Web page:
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Ruling coalition leads in Sri Lankan elections

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[April 20, 2010]  COLOMBO, Sri Lanka (AP) -- Sri Lanka's ruling coalition led in early results Friday from parliamentary elections in which President Mahinda Rajapaksa is seeking to strengthen his grip on power by gaining the two-thirds majority needed to change the constitution.

Elections Department results showed that Rajapaksa's United People's Freedom Alliance had won 35 of the 225 seats in Thursday's voting, while the main opposition United National Front had won 13. About 20 percent of the results had been released, and the full vote count was not expected before evening.

Nevertheless, the government was quick to claim victory for Rajapaksa's coalition.

"We have already won this election," Information Minister Lakshman Yapa Abeywardena said. "People have given the president a strong Parliament as never before."

The other opposition coalition led by former army chief Sarath Fonseka -- Rajapaksa's main challenger in the January presidential poll -- had yet to win a seat. Fonseka is under detention and facing a court-martial on allegations he planned his political career while still in uniform.


Rajapaksa remains a hero among the country's Sinhalese majority for leading last year's victory over ethnic Tamil rebels, and many voters hope he can bring postwar development and reconciliation to the country after a quarter-century of civil conflict.

A two-thirds parliamentary majority would allow Rajapaksa's party to change the constitution to allow a president to serve more than two terms. The opposition fears Rajapaksa will try to remain in power past the end of his second term in 2017.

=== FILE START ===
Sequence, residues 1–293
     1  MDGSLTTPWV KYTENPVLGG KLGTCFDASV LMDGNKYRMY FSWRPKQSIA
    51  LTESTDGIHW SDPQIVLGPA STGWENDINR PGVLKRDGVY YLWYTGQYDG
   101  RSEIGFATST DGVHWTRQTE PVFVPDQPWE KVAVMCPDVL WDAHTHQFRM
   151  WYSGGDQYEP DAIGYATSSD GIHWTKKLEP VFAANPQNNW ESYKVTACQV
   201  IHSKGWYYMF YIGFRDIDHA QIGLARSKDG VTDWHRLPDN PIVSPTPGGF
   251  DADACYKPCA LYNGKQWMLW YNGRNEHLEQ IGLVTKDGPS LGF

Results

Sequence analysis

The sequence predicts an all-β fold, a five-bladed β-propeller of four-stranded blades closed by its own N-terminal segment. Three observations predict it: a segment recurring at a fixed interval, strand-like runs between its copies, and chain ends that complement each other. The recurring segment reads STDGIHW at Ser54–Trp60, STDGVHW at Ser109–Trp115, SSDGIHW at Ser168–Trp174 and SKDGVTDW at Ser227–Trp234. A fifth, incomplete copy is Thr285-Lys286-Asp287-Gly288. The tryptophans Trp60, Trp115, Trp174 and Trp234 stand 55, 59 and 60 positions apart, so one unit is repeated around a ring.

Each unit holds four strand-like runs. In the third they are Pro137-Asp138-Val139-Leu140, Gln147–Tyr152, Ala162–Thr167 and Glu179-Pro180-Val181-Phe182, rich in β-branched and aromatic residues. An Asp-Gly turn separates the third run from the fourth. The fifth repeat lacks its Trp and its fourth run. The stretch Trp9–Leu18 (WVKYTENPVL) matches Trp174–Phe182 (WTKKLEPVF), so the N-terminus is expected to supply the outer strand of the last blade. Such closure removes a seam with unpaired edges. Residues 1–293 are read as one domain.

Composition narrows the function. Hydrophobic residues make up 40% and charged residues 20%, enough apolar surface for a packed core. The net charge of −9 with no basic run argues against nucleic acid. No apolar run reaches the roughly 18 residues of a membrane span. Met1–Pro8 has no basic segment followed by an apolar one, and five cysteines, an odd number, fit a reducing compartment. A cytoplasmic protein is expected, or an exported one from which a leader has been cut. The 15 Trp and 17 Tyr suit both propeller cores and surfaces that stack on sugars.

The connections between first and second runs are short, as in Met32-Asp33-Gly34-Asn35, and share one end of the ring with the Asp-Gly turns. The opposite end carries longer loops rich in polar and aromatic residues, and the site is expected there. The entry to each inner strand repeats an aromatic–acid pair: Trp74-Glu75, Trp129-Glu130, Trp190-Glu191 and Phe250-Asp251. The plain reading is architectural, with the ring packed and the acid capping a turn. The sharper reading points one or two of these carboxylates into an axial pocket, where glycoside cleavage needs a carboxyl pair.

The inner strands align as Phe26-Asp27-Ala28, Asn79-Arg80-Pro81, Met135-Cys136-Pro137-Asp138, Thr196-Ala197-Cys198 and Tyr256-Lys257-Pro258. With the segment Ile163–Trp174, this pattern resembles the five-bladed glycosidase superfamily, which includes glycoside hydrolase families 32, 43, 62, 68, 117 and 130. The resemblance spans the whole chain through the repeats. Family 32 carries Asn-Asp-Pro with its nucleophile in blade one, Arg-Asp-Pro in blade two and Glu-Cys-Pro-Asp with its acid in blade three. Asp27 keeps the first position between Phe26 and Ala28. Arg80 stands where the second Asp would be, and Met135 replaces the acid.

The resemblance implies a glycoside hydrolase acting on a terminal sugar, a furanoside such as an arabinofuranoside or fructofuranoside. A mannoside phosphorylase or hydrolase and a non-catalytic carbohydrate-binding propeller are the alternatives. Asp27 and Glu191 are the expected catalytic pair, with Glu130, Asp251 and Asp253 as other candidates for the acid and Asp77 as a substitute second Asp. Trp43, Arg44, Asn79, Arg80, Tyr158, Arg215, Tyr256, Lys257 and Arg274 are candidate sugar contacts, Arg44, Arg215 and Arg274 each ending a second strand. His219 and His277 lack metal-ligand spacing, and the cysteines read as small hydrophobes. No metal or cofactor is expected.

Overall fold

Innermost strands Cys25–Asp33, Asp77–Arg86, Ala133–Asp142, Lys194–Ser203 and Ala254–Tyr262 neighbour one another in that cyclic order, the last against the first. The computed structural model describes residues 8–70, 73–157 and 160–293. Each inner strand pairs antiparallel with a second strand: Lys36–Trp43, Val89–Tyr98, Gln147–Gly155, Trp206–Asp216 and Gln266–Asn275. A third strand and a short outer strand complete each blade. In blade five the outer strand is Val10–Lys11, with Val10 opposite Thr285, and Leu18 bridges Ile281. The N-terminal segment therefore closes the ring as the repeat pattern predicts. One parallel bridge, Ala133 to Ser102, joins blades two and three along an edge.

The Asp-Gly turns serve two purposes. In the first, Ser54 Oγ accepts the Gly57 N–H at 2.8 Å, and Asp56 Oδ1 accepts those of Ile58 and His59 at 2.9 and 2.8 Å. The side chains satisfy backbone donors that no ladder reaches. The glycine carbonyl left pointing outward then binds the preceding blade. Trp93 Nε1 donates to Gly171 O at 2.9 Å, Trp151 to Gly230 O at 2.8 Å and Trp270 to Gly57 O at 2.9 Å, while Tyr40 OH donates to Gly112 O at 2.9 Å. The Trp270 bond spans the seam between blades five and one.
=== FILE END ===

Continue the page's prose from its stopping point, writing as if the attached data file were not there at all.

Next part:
Opponents also accuse Rajapaksa of stifling dissent, encouraging cronyism and corruption and trying to establish a family dynasty. Two of Rajapaksa's brothers and a son are running for Parliament.

After Fonseka was arrested, a broad opposition coalition created for the presidential election consisting of the former army chief's party and the United National Front broke apart.

The United National Front said it wanted to contest the elections alone. However, its head, former Prime Minister Ranil Wickremesinghe, faces a leadership challenge and party disunity after a series of election losses.

Election monitors reported a low turnout Thursday, but the elections office said it can't confirm the voting percentage until the final result is released.

The coalition headed by Rajapaksa held 128 seats in the outgoing 225-member Parliament. A key issue confronting the new government will be how to reconcile with the Tamil community following the end of the civil war.

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Rajapaksa has yet to follow through on his promise to discuss a power-sharing deal with the Tamils, more than 200,000 of whom remain displaced by the war.

For Tamils, who make up 18 percent of the population and claim persecution by the Sinhalese, the election was an opportunity to choose a new voice for their community, which was dominated by the separatist Tamil Tiger rebels for three decades.

The opposition has accused the ruling party of illegally using government resources for propaganda and harassment of opposition supporters during the election campaign.

The Elections Department has annulled the results from 38 of the country's more than 11,000 polling stations and ordered a revote there after reports of intimidation and fraud, election official Bandula Kulatunga said.

Final official results will not be announced until the revote is held, although it will not significantly affect the outcome.


The Center for Monitoring Election Violence, an independent poll monitoring group, reported scattered irregularities. It said the home of a ruling party supporter in the south was shot at but no one was wounded.

Buses carrying Tamils displaced during the civil war were blocked from traveling to polling stations in the north, and police prevented Tamils from voting in the eastern district of Trincomalee, the group said.


Copyright 2010 The Associated Press. All rights reserved. This material may not be published, broadcast, rewritten or redistributed.

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